Burundi

English

Burundi became independent of UN trusteeship (under Belgian administration) on 1 July 1962, as a constitutional monarchy.

The monarch Mwambutsa IV presided over a government of Hutu and Tutsi ministers until the assassination of the Hutu Prime Minister by a Tutsi assassin in January 1965.

The May 1965 election brought in a Hutu majority. The reactionary appointment by Mwambutsa of his Tutsi private secretary as prime minister, lead to an attempted coup by Hutu officers. The monarch fled abroad, leaving his 18-year-old son in power, who in turn was deposed and a republic was proclaimed, with the Tutsi in power.

Ethnic slaughter in April and May 1972, in response to an attempted uprising, resulted in at least 100,000 people being killed, among them nearly all educated Hutus.

After series of Tutsi coups President Pierre Buyoya came to power in 1987. Buyoya took steps to heal the country and democratic elections were held in 1993.

Buyoya unexpectedly lost the elections and a Hutu government with a mixed cabinet under Melchior Ndadaye followed but within 100 days Ndadaye was assassinated. More than 200,000 Burundians died during the subsequent conflict and hundreds of thousands of Burundians were internally displaced or became refugees in neighboring countries.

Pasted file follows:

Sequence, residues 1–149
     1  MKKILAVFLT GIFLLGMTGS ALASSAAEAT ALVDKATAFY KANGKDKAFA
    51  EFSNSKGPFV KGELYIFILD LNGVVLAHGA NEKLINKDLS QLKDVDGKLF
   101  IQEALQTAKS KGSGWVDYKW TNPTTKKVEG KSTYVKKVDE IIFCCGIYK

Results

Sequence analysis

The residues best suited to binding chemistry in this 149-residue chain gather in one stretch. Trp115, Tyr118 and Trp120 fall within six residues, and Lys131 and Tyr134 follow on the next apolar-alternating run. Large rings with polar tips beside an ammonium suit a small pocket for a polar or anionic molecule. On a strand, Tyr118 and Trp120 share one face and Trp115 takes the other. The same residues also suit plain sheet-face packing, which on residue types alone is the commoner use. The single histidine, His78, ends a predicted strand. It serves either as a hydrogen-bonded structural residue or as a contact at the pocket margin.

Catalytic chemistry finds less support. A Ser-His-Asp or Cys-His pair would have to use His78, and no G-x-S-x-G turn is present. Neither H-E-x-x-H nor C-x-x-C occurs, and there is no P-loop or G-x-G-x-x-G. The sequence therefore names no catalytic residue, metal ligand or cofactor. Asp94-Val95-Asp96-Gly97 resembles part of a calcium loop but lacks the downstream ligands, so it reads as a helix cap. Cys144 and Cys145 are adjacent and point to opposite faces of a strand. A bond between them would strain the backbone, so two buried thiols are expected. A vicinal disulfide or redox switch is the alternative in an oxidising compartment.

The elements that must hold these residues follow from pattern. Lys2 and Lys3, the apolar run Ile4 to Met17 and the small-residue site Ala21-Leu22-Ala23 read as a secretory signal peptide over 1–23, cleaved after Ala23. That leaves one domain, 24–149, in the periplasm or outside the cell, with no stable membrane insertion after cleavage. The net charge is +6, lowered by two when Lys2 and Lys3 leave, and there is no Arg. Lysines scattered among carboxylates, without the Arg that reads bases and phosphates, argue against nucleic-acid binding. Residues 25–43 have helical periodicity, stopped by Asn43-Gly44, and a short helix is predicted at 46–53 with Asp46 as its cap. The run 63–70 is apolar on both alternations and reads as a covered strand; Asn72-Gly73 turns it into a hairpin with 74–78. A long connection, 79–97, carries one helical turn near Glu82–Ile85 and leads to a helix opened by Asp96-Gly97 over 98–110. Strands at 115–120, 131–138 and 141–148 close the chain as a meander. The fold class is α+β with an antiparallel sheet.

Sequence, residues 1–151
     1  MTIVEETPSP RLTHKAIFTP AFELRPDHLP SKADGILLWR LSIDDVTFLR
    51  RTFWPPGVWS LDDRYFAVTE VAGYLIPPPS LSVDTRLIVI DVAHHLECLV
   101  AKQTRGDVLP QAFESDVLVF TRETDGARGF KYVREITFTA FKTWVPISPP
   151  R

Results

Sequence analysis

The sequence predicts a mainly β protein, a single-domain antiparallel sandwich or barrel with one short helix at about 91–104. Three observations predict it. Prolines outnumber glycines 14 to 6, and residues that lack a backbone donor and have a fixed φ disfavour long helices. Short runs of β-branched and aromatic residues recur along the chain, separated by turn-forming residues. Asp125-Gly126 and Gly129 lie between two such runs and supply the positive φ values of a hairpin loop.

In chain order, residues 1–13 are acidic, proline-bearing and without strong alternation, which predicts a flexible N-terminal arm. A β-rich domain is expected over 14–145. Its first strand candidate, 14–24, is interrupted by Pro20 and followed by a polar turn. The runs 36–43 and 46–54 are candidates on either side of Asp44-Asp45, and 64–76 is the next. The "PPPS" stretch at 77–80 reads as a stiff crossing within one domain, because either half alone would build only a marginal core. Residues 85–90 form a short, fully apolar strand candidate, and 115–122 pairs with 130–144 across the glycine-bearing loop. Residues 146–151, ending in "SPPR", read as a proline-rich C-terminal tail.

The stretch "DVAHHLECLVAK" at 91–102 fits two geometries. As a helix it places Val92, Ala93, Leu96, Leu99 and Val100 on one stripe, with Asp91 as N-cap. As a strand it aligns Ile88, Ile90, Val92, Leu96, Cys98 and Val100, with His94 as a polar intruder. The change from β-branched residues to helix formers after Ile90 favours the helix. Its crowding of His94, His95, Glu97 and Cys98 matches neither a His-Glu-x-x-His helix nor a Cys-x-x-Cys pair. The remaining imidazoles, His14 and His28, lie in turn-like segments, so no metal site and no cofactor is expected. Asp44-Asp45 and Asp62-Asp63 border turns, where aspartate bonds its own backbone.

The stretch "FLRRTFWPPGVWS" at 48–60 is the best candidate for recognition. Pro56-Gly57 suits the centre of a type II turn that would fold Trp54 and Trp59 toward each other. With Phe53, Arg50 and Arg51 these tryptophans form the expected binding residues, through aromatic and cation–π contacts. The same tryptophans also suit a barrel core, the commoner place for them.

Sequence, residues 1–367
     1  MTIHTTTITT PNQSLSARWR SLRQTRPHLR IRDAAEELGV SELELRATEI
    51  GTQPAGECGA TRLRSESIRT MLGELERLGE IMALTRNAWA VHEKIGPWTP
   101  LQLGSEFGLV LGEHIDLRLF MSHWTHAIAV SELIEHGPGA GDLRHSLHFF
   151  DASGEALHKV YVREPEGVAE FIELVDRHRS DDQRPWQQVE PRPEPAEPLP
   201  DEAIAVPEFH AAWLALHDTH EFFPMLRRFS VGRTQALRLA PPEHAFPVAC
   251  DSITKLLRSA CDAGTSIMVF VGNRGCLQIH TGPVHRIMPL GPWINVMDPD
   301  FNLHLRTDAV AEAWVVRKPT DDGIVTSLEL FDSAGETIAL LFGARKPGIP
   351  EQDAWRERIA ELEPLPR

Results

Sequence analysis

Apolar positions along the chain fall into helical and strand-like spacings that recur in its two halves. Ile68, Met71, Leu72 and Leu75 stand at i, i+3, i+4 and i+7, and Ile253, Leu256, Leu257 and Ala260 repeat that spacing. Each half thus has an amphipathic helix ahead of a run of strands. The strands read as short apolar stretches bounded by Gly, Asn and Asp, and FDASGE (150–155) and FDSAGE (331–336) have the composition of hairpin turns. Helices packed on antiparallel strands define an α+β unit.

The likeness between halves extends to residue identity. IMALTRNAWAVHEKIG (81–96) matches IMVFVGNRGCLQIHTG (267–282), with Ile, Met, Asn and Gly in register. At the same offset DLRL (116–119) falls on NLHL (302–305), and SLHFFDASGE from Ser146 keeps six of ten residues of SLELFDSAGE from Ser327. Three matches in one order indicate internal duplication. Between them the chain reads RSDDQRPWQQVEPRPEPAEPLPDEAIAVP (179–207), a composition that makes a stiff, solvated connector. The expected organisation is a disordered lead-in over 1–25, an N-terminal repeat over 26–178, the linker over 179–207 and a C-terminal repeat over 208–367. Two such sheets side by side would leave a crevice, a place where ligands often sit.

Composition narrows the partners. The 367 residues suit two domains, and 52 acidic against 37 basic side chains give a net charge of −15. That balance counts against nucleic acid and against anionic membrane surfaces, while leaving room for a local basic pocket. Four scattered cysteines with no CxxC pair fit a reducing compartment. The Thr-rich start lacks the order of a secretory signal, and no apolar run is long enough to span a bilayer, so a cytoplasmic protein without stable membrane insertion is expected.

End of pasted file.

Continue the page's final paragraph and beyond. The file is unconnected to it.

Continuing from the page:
An internationally negotiated power-sharing agreement between the Tutsi-dominated government and the Hutu rebels in 2003 paved the way for a transition process that led to an integrated defence force, established a new constitution in 2005, and elected a majority Hutu government in 2005.

The new government under Pierre Nkurunziza signed a South African-brokered ceasefire with the country's last rebel group in September 2006. Nkurunziza was re-elected in 2010.

Pierre Nkurunziza was elected for a third term in 2015, despite the Constitution providing for a two-term limit. The Supreme Court of Burundi granted the third term, based on a contested interpretation of the 2006 Arusha agreement and the Constitution. Since then, Burundi has descended into severe civil unrest, causing the death of hundreds of people and displacing several hundred thousand. Many many office bearers, members of civil society organisations and ordinary citizens have had to flee the country.  

Burundi has a mixed legal system of Belgian civil law and customary law.

Burundi has a constitution dating from 2005.

ACJR has collaborated with local civil society organisations, in particular with International Bridges to Justice - Burundi and with ACAT-Burundi, as well as with its NHRI (Commission Nationale Indépendante des Droits de l'Homme), on domesticating the UN Convention against Torture and on developing a road map for its implementation.

French

Le Burundi a acquit son indépendance de la tutelle de l'ONU (sous l'administration belge) le 1er Juillet 1962, entant que monarchie constitutionnelle.

Le monarque Mwambutsa IV présidait un gouvernement composé de ministres Hutu et Tutsi jusqu'à l'assassinat du Premier ministre Hutu par un Tutsi en Janvier 1965.